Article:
Category: Climate Change

Anti-Fear Messaging: A Queer Response to Climate Change

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Studies show that scaring the shit out of people does not work.  In fact, fear tactics may even encourage the denial of climate change in those scared shitless. Reading a piece in the New York Times, Global Warming Fear Tactics, I was reminded yet again that when talking about Climate Change, one must not lead with the dire doom and gloom dangerous end-of-the-world  scenarios.

“Although shocking, catastrophic, and large-scale representations of the impacts of climate change may well act as an initial hook for people’s attention and concern,” the researchers wrote, “they clearly do not motivate a sense of personal engagement with the issue and indeed may act to trigger barriers to engagement such as denial.” In a controlled laboratory experiment published in Psychological Science in 2010, researchers were able to use “dire messages” about global warming to increase skepticism about the problem.

Over the past year I have been musing over a query that at first seemed to only make sense to me, but as I explored it and  shared my thoughts with others, they too began to see the point. I wondered, What is a Queer Response to Climate Change?

I know that many see Climate Change as a scientific issue and a policy issue. In many ways it has become a political issue drawn by party lines (although there are still Democrats silent on the issue or deniers themselves.)

But I see Climate Change as a Human Rights issue and one that requires a great deal of imagination, creativity, and out-of-the-box thinking. For those reasons and more I see that transgender, bisexual, queer, lesbian, gay, and asexual folks are specially situated to address Climate Change and the many issues connected to it.

Over the next year here on this blog, in Climate Stew, my podcast that will be availible in the fall, and in my new play, Does This Apocalypse Make Me Look Fat? I will seek to answer the question, What is a Queer Response to Climate Change? As I do, I will avoid fear-based language as much as possible. Fear shuts down the brain, while hope and solutions opens us hearts and minds.

So What thoughts do you have? What might be a Queer response to Climate Change?

Facing the Unimaginable

At first I could not comprehend that my mom was actually dying. None of us did. She was never sick before, always the strong one taking care of all of us. Some realities are too big to grasp. Once we did understand what was happening though, my father, my sisters, and I found inner reserves of strength, courage, creativity, and caring we did not know we possessed. We became her primary caregivers. It was difficult and painful, but also a great honor to do all that we could to help her when she needed us most.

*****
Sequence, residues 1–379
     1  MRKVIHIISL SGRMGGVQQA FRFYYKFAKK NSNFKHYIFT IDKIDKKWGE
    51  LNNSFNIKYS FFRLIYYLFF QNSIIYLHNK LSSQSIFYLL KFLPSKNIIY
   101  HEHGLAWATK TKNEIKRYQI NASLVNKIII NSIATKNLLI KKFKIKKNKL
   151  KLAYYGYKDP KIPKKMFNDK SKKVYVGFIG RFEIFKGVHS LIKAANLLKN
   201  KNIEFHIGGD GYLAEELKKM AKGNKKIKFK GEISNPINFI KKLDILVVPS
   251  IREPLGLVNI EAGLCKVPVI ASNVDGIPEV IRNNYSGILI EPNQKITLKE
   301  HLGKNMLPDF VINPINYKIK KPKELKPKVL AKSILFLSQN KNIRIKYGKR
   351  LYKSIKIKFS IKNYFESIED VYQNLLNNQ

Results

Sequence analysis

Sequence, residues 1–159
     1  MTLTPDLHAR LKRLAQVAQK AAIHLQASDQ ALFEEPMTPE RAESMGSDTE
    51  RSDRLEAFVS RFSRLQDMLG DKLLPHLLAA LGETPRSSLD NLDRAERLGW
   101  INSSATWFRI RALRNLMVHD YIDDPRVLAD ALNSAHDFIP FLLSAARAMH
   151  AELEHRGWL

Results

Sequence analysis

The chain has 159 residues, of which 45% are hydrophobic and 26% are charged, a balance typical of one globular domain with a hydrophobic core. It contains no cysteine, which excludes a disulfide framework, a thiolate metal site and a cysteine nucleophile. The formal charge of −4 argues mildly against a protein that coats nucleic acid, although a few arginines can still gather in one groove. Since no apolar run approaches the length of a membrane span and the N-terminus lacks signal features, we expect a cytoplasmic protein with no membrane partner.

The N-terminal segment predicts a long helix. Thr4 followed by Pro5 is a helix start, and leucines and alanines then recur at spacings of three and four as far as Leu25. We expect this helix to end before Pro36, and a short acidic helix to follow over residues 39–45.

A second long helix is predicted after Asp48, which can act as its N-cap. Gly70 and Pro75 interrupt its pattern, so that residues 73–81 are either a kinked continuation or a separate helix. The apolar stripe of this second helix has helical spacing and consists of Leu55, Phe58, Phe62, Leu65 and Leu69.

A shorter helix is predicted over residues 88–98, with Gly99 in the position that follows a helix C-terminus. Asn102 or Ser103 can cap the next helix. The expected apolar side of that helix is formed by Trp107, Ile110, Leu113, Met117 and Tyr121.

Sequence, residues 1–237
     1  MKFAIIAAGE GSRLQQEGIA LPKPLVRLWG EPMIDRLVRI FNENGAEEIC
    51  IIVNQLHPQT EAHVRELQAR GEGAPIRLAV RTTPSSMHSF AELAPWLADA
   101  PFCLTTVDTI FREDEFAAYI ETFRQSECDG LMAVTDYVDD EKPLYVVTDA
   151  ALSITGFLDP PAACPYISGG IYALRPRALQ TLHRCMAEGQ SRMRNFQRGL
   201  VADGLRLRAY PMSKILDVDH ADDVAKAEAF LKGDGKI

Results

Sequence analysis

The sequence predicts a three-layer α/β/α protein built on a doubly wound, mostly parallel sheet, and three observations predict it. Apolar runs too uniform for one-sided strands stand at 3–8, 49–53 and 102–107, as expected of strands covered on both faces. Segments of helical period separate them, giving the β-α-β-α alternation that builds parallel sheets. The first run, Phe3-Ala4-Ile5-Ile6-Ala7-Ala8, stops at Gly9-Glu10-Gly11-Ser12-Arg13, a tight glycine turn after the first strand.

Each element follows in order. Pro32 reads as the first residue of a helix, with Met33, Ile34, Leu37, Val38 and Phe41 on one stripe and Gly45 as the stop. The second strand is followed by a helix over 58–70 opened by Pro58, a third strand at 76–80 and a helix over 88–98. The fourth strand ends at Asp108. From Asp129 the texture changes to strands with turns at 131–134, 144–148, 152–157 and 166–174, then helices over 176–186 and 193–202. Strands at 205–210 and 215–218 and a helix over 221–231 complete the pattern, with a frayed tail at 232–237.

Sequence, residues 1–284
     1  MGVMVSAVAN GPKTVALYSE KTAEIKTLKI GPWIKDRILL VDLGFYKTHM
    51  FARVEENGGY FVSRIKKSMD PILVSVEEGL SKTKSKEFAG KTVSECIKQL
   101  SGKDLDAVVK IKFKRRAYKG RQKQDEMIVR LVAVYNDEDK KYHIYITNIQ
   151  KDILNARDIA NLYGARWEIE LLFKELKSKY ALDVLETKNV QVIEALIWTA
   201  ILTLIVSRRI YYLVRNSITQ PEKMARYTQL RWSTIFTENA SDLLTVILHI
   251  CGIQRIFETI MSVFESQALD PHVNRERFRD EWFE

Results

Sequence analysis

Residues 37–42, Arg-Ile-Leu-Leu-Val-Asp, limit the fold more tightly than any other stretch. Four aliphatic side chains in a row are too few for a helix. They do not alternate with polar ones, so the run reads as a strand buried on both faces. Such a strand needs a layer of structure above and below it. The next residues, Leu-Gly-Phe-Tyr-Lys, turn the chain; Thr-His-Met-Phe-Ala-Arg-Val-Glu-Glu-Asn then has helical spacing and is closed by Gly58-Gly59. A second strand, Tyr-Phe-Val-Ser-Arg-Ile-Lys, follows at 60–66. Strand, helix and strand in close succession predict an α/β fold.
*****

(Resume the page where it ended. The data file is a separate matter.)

From that time I learned lessons that I remembered six years later when our father was sick and dying. I recognized sooner this time the crisis that we faced, the seriousness of the situation, the reality that this illness might end in death. And sadly it did. I miss both my parents terribly everyday, but I feel grateful that my sisters and I were able to understand the diagnosis, and that we did not pretend. We accepted the reality that a great change was happening in our lives. Pretending everything will be fine or that it will just go away or that surely technology will fix it for us would have kept us aloof, unavailable, unengaged when our parents needed us to be most alert and active.

For the past year since my father’s death, I have been researching climate change and the rapid deterioration of the atmosphere and the oceans resulting in recurring severe weather events, drought, floods, the extinction and the threat of extinction to some animals and plants, and already the disruption of human lives and even loss of lives. These days I am drawing once again from those inner reserves I discovered during the times my parents were so ill. I have been looking at the diagnosis regarding the planet, and the prognosis is currently grim, not yet hopeless, but dire all the same.

Climate Change to me is very much like living with a seriously ill parent. The reality of a sick planet is almost too great to take in. The earth seems too big to fail. It’s easier to assume all will be okay and to escape into Facebook or the latest YouTube craze or Tweet my way to distraction. But right now I’m beginning to understand that my attention is required. While it is a difficult reality to grasp, I accept that the climate has already changed and will continue to change. As we face these facts, we will find the strength and the will to act. We will have the great honor to help when we are needed most.

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